Demand’s Creative Accounting

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money_small.jpgADOTAS – A couple of months ago, it seemed Demand Media was about to give Wall Street an IPO just in time for the holidays, but alas, All Things D’s Kara Swisher discovered that we’ll have to wait for the new year as the content engine just delivered the Securities Exchange Commission an amended S-1 filing further explaining its accounting procedures for expensing content production. Interestingly, the company that barrages the Internet with a storm of low-cost and low-quality content apparently has some rather creative accounting methods.

Because its primarily instructional videos and the like, Demand argues the majority of its content is evergreen, and thus the company amortize content creation costs over five years through some interesting calculations.

In Demand’s own words:

“Capitalized media content is amortized on a straight-line basis over five years, representing the Company’s estimate of the pattern that the underlying economic benefits are expected to be realized and based on its estimates of the projected cash flows from advertising revenues expected to be generated by the deployment of its content. These estimates are based on the Company’s plans and projections, comparison of the economic returns generated by its content of comparable quality and an analysis of historical cash flows generated by that content to date.”

Growling about Demand Media’s content farming has almost become a pastime of the tech media, so reaction to these accounting methods has been the equivalent of thousands yelling “BS” into an infinite number of megaphones.

Business Insider’s Henry Blodgett sums it up best: “[L]et’s say a particularly productive Demand Media writer earns $100,000 a year… Instead of taking the writer’s compensation as a $100,000 expense in the year in which the writer is paid, Demand Media expenses only $20,000. Then it expenses another $20,000 in each year for the next four years. This has a marvelous impact on the bottom line.”

Demand was shooting to push out an IPO fast as can be, raising $125 million for a reported $1.5 billion valuation. However, this is the second amended filing Demand has entered in the last few months — perhaps the more that comes to light about its accounting, the less promising an IPO will be….

5 COMMENTS

  1. I’m not an accountant but the method explained above seems quite sane and logical to me. Demand Media’s business model is based on cumulative profits over a period of time. I don’t see anything wrong with how they’ve explained their amortization.

    Demand Media is one of the smartest developers and users of technology on the Internet. They get it. While others are spending millions trying to figure out what consumers want, Demand uses the simplest free tools and gets the truth. And although some writing purists may criticize their content, I’ve received many answers that I was seeking from their articles without all the stupid fluff that many “professional writers and editors” add.

    To me, Demand Media articles are very simple and direct answers to simple direct questions and there’s nothing wrong with that.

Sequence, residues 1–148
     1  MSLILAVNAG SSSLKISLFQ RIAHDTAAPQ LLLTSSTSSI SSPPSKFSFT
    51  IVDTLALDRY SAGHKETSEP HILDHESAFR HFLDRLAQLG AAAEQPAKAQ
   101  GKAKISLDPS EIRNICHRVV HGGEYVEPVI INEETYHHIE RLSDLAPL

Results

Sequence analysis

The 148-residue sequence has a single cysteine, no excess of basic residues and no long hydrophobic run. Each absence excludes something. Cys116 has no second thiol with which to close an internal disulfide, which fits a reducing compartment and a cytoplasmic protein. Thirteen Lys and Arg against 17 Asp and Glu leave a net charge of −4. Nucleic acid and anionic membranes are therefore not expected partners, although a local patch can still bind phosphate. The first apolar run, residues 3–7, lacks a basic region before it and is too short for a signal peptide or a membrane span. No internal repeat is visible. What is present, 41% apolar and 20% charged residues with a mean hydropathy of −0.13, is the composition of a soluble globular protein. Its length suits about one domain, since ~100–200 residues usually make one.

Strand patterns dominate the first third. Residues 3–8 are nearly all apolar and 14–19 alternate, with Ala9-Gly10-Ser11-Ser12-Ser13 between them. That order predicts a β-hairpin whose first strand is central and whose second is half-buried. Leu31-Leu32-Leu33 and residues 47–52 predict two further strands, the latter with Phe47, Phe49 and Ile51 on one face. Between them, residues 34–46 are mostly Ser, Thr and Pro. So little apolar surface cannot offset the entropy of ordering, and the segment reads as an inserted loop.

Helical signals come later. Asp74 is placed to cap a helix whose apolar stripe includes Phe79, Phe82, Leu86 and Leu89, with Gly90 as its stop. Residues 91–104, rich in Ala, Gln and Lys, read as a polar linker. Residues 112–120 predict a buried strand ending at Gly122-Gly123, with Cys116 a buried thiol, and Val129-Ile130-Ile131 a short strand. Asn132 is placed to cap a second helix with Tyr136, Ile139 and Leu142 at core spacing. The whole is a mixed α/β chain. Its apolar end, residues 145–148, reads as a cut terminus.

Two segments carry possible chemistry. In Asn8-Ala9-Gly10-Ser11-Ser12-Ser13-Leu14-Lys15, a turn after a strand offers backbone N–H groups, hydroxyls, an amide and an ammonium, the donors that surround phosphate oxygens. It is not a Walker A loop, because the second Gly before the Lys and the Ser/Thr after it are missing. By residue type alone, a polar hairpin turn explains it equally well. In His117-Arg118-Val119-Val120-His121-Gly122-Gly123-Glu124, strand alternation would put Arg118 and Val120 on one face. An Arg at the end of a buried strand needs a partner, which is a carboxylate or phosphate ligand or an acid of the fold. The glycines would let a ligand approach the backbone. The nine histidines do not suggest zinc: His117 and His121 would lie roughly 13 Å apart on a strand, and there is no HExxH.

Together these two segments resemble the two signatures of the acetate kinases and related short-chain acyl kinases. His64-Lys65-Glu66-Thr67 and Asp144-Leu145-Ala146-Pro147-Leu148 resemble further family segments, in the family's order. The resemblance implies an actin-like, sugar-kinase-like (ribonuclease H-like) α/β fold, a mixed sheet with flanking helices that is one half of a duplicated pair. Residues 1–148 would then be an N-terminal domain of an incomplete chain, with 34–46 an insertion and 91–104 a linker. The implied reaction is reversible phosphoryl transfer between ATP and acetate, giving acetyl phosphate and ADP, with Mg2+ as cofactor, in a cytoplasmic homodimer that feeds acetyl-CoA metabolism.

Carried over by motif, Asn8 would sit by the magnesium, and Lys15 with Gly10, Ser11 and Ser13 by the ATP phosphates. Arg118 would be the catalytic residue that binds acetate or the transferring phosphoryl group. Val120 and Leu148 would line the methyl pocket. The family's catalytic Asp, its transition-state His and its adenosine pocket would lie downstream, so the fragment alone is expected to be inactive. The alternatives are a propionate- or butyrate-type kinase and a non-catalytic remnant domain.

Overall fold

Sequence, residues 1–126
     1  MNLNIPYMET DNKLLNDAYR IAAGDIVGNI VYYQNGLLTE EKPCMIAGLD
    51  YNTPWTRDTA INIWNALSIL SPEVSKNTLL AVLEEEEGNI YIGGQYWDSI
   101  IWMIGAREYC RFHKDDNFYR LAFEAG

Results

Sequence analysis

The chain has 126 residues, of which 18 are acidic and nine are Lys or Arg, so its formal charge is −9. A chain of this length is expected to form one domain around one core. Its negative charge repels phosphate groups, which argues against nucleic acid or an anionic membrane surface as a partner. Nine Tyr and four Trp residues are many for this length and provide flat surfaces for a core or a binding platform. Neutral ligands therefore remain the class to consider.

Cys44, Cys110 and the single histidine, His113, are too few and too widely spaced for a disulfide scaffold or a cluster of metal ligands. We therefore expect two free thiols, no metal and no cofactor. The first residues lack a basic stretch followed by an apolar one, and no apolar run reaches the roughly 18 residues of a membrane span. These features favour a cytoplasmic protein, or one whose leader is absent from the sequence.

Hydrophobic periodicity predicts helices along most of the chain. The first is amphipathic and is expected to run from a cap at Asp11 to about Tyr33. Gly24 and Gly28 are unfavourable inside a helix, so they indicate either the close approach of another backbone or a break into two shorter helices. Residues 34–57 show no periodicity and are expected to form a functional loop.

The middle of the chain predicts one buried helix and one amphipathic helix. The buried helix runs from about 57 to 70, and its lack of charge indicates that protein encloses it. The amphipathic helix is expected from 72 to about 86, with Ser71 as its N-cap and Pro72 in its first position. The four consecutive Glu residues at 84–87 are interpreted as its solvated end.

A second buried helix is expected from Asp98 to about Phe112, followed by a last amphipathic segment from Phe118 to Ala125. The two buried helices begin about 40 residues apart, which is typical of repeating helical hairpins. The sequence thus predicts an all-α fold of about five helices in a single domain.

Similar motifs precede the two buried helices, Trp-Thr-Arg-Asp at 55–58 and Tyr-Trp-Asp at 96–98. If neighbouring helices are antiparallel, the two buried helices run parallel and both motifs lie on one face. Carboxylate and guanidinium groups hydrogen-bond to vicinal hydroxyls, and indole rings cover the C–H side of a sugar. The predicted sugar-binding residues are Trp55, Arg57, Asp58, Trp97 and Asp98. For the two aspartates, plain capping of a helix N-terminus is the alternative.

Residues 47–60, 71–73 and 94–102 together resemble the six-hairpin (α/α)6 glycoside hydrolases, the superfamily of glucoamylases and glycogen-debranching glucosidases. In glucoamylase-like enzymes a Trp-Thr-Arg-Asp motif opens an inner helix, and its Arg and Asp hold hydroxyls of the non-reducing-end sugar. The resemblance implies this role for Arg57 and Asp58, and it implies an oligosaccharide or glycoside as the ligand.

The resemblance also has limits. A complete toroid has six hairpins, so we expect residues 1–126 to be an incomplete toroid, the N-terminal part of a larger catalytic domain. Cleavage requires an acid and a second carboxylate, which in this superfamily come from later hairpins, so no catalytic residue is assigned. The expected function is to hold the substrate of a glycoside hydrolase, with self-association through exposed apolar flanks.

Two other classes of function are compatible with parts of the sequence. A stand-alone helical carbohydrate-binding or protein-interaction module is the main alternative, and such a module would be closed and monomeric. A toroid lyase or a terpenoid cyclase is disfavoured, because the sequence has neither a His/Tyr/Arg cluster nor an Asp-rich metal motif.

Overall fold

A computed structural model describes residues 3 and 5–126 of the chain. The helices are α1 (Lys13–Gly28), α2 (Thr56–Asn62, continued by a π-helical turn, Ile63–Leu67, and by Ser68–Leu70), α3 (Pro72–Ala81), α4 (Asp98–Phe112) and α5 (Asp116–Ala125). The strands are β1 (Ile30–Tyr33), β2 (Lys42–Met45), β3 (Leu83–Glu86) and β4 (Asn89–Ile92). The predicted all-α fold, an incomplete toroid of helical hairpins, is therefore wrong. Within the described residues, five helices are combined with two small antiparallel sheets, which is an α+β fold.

They’re a smart bunch of people in my book.

  2. I’m not convinced that ALL of their content is “evergreen.” Their eHow site holds a ton of dated content. For examples, “How to Replace a Floppy Disk Drive” and “How to Troubleshoot a 1982 Ford Ignition Coil.” I highly doubt these pieces of content will be highly profitable or even profitable within five years. I think Demand Media is overestimating its online content. In this day and age, the Web trends change with warp speed. Good try, Demand … but no dice.

  3. Man the toads in their little writer cages are really ganging up on DM.

    I get that they amortize writing costs across 5 years. That’s not that unusual as an accounting practice, but Demands use of it is novel. But I can’t help but think that the writers of these hit pieces are upset at DM for paying shit wages to writers. It clearly seems to be a heard mentality.

    Not once is this or the other pieces I have “read”, does anyone mention that this is not a new practice. Amortizing capital costs or expenses is an ages old practice. That said if I buy an oven for my restaurant, I can safely say that it will be here for as long as my business is or for example 5 years. An evergreen articles has no material value and there also is no guarantee that any article indexed by the search engines will in fact stay there and continue to produce traffic years down the line.

    But I believe Demand when they say that their data shows that in fact that’s the way it has worked for them. The truth lies in the numbers and not the strategy I suppose.

  4. DM’s accounting is not as creative as their scam to clone their entire eHow site and call it “eHow UK,” including writer-owned articles that DM claimed they couldn’t pay for since the site was “International.” The “UK” site was (and presumably still is) hosted in the US. After an uproar in late 2009, DM claimed they would remove those stolen articles. They made the writer-owned articles invisible for a few months, and now they’re back again, with no compensation for the writers. What is the purpose of an entire site full of millions of duplicate articles? And not only is it duplicate content, but Google indexes thousands of their pages comprised solely of useless comments, separated from the articles they refer to. Utterly useless content. Richard Rosenblatt is out to scam investors. Again.

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